When I say this [university] is a centre of excellence in materials, oil and gas, computing, mathematical sciences etc., it is not just in words alone. No. The Pan-African Materials’ Institute is Africa’s centre of excellence in materials under the World Bank Programme coordinated by the Nigerian Universities Commission (NUC). It is also one of the three centres of excellence for Partnership for Skills in Applied Science, Engineering & Technology (PASET), a World Bank programme designed to train 10,000 doctorate students in Africa in the next 10 years – the other two universities are the Bayero University Kano (BUK) and the University of Port Harcourt. As part of this programme, annually, they send scholars to us and we keep training them for doctorates.
Another big project which we have here, funded by the African Development Bank (AfDB) helps us to bring in Africans from the Diaspora. We pay for their flight fares so they can come down here and teach in person or online. I hope to leverage on this to get more resources to enable Africans in the Diaspora engage with us and teach alongside their colleagues in Nigeria.
This university seems to be one of the best-kept secrets in Nigeria, especially Abuja. A lot of people are unaware of what it has to offer. What does the AUST represent?
The original thinking is that Africa is known for the wrong reasons all over the world. Some people say it is a ‘dark’ continent, where disease and poverty thrive, where infrastructure do not work, etc. Africa, especially sub-Saharan Africa, is popular for the wrong reasons. Our colleagues in North African seem to be somewhat better off.
A group of Africans in the diaspora went to Nelson Mandela during one of his birthday celebrations and asked what they can do for him. He requested that they establish three world-class universities in three African countries, for the education and training of high-level manpower. The founding fathers got to work and established what is called the Nelson Mandela Institute, which birthed the African University of Science and Technology.
The first one took off in Nigeria, the second is the Nelson Mandela African Institution of Science and Technology (NM-AIST), Arusha, Tanzania and the third is the International Institute of Water and Environment (2iE), Ouagadougou, Burkina Faso. These [three] institutions run at different levels of advancement.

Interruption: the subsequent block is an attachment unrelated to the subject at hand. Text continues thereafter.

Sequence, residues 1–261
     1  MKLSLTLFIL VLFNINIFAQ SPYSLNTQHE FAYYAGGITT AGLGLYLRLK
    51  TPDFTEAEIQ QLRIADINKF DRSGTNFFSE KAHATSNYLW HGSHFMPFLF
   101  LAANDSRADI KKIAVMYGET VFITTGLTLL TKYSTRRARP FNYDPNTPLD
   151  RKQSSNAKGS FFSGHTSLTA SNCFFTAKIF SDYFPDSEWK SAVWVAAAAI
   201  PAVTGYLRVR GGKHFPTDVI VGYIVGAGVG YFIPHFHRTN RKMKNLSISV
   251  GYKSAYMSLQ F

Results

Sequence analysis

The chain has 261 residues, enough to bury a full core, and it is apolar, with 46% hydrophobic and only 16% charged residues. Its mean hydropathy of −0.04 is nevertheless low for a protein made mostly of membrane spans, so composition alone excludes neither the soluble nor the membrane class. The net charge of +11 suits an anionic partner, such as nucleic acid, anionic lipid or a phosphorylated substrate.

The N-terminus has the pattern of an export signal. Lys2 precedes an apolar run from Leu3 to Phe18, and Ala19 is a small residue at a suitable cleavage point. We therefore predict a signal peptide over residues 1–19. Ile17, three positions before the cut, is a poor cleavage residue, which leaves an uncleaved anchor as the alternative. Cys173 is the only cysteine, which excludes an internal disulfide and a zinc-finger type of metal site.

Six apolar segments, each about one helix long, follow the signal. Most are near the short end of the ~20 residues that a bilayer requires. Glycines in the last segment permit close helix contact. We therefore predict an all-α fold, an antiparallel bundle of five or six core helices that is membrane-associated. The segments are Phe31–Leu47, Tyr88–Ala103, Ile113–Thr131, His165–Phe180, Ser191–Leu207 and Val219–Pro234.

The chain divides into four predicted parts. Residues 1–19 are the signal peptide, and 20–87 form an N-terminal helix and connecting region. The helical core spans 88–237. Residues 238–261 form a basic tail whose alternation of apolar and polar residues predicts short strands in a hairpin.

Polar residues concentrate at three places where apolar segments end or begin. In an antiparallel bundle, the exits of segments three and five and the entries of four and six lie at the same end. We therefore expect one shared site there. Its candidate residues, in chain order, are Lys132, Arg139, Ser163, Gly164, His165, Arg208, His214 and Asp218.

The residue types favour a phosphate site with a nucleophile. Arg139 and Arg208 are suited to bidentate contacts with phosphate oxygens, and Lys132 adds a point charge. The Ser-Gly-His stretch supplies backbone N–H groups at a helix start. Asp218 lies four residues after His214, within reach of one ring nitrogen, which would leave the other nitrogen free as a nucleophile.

One of the things we want to do is to get the general public to know of our existence, then get their children in here (for those who think the Nigerian education system has collapsed) and, then, create a multi-cultural environment for students and lecturers/professors from different African countries to interact.
What programmes do you offer so far?
Currently, we have over 13 programmes in the sciences – mathematics, physics, space physics, computing (computer science and management of information technology), engineering (systems engineering, aerospace engineering, petroleum engineering, material science and engineering), geo-informatics and geographic information systems (GIS). We have just started management sciences to support the science and engineering programmes. These management courses include economics, public policy, public administration and accounting.
We had just the post-graduate programmes but have started a process for undergraduate programmes and, by next session, when the accreditation process is completed with the National Universities Commission (NUC), we will add more undergraduate programmes like civil engineering, mechanical, chemical engineering, cyber security, data sciences, industrial chemistry etc.
Talking about ‘opening up’ the undergraduate studies…when will this come into effect?
As early as January 2022, subject to final approval by the NUC. The process is almost concluded.
You have emphasized that Africa needs skilled manpower in the science and technology space. Why is this?